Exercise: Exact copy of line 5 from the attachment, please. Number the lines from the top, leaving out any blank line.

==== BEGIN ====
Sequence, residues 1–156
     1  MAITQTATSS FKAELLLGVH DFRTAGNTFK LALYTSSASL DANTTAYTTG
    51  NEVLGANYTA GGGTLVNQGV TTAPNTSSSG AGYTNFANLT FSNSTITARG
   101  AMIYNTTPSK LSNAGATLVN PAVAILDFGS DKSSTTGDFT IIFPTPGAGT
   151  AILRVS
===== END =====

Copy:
   151  AILRVS